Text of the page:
Supreme Court Poised to Cut Back Scope of Anti-Corruption Law

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The Supreme Court seemed ready on Monday to limit the reach of a federal statute that makes it a crime for state and local officials, along with institutions that receive federal money, to accept gifts and payments meant to influence or reward their actions.

In a lively argument studded with hypothetical questions about gifts as varied as cookies, Starbucks gift cards, meals at the Cheesecake Factory and 10-figure donations to hospitals, a majority of the justices seemed persuaded that the government’s interpretation of the law was too broad.

Before the argument, Chief Justice John G. Roberts Jr. announced that Justice Clarence Thomas would be absent but would participate in the case by reading the briefs and the transcript of the argument. The chief justice did not say why.

The case concerned James Snyder, who was mayor of Portage, Ind., along Lake Michigan, when the city bought garbage trucks from a local company under a bidding process that prosecutors said had been manipulated to ensure the company prevailed. After the process was complete, the company paid Mr. Snyder $13,000 for what he later said were consulting services.

Prosecutors charged Mr. Snyder with violating the federal law, which covers anyone “who solicits or demands for the benefit of any person, or accepts or agrees to accept, anything of value from any person, intending to be influenced or rewarded.” He was found guilty in March 2021 and sentenced to 21 months in prison.

The question for the justices was whether the law applies only to before-the-fact bribes or also to after-the-fact gratuities.

Lisa S. Blatt, a lawyer for Mr. Snyder, warned the justices that a broad reading of the law would turn routine gifts into crimes backed by 10-year prison sentences. She added that it was impossible to draw a workable line between prohibited gifts and permissible ones.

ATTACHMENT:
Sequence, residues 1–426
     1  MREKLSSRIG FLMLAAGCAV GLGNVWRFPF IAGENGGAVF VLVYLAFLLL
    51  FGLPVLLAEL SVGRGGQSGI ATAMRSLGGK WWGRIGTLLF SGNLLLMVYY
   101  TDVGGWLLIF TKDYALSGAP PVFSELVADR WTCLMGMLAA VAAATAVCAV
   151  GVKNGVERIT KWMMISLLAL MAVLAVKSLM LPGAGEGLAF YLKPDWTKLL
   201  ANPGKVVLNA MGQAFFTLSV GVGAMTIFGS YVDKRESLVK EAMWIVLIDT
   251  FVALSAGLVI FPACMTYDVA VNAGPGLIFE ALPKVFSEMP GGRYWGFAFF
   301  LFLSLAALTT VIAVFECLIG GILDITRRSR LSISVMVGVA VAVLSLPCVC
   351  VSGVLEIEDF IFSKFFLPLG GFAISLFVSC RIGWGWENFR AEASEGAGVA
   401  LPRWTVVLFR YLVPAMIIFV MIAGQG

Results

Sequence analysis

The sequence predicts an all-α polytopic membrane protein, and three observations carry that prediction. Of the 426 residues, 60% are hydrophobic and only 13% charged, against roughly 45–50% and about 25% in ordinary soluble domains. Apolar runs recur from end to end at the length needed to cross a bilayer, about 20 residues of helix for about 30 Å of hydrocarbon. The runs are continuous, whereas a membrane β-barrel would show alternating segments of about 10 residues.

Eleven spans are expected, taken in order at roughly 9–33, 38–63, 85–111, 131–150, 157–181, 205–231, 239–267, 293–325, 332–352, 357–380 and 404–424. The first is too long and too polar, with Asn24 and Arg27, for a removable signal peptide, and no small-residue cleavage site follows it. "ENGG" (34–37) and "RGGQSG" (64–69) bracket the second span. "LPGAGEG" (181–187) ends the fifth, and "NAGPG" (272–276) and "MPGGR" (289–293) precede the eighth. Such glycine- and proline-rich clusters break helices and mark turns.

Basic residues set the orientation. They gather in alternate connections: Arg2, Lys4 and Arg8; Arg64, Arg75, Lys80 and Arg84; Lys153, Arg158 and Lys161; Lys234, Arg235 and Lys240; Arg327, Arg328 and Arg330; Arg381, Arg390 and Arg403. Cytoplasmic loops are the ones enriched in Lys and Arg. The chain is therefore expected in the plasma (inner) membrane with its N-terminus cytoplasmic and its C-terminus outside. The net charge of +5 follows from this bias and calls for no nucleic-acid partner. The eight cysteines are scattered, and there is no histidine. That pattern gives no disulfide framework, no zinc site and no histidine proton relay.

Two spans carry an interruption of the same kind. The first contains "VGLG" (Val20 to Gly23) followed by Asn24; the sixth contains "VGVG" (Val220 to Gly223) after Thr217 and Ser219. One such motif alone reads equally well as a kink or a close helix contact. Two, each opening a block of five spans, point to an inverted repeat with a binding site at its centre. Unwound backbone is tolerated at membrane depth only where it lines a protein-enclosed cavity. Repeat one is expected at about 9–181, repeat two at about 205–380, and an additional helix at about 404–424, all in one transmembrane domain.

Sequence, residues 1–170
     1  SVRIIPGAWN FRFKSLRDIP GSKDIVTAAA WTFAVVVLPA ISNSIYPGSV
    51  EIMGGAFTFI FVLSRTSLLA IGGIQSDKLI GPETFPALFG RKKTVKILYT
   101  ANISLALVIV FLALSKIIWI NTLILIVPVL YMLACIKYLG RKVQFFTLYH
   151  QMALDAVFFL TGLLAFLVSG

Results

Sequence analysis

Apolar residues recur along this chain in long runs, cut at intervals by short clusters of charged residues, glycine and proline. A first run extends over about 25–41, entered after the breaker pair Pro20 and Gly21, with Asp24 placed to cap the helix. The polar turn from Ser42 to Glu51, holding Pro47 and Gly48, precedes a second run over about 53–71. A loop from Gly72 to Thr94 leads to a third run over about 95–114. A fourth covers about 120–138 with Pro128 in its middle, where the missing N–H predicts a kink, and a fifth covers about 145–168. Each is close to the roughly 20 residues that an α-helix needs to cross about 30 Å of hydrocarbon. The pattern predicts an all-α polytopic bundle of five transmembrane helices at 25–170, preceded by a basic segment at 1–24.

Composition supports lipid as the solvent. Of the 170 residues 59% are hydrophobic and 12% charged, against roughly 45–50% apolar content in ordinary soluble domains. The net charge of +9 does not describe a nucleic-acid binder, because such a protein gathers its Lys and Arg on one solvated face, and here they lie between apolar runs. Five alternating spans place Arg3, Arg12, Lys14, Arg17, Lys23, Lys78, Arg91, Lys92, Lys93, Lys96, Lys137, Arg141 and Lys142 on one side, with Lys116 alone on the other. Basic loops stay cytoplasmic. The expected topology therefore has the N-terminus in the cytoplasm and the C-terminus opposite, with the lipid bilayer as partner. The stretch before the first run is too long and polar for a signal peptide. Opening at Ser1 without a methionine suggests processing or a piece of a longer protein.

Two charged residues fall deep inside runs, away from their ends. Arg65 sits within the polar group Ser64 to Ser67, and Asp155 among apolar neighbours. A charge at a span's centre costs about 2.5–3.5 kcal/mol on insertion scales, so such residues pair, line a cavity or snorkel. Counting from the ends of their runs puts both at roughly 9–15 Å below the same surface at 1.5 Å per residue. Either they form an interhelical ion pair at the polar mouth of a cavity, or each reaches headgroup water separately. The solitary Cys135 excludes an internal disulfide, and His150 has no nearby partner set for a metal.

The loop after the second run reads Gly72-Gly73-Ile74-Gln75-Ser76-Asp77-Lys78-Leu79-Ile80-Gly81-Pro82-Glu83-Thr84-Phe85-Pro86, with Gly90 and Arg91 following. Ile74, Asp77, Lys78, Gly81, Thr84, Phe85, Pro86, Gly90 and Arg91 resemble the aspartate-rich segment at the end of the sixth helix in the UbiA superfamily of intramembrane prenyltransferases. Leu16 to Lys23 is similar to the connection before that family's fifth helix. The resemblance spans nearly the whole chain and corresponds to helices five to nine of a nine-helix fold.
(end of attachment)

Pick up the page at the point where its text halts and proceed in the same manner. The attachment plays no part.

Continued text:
“I don’t know where on the Harry & David menu the gift becomes corrupt,” she said, referring to the retailer known for its fruit baskets.

Along the same lines, under the government’s theory, she said, the gift of a meal at Chipotle was probably permissible, while one at the Inn at Little Washington, an expensive restaurant in Virginia, would not be. The hard question, she said, suggesting that the line-drawing exercise was absurd, was the Cheesecake Factory.

Justice Sonia Sotomayor noted that the law requires that the payment be made in connection with actions worth at least $5,000. Ms. Blatt said that amount was easily satisfied.

“The doctor who removes your wart, fine,” she said, indicating that such a procedure may not meet the threshold. “But the doctor who takes your gallbladder out or does your face, like my plastic surgeon, no, that’s worth over $5,000.”

Colleen R. Sinzdak, a lawyer for the federal government, said the anti-corruption law was not concerned with “innocuous gift-giving activity that occurs in the ordinary course of business.”

Better hypothetical examples, she said, were demands from a police chief for $10,000 payment after his officers foiled a burglary or a request for $30,000 from a safety inspector after he issued a permit for a dangerous project. She argued that Mr. Snyder’s case was along those lines.

Justice Brett M. Kavanaugh agreed that “the facts of this case are great” for the government’s interpretation of the law. But he added that the court must decide how it should apply in other cases.

Justice Elena Kagan echoed the point. “This statute applies not just to government officials but to pretty much, like, every important institution in America,” she said, asking about a hypothetical hospital that provides a billionaire with special treatment in hopes of receiving a big contribution.

“That would land you 10 years in prison?” she asked.

Ms. Sindzak said the government would not bring questionable cases. Chief Justice Roberts responded that “we don’t rely on the good faith of the prosecutors in deciding cases like this.”

In earlier rulings, the court has interpreted anti-corruption laws narrowly.

Last year, the court threw out two fraud convictions involving accusations of bid-rigging and illicit payments during the administration of Gov. Andrew M. Cuomo, a New York Democrat.

In 2020, the court unanimously overturned the convictions of two defendants in the so-called Bridgegate scandal, in which associates of Chris Christie, a Republican who was the governor of New Jersey, closed access lanes to the George Washington Bridge in 2013 to punish one of the governor’s political opponents. That was an abuse of power, the court ruled, but not a federal crime.

Similarly, the court in 2016 unanimously overturned the conviction of Bob McDonnell, a former governor of Virginia. Mr. McDonnell, a Republican, had accepted luxury products, loans and vacations from a business executive.



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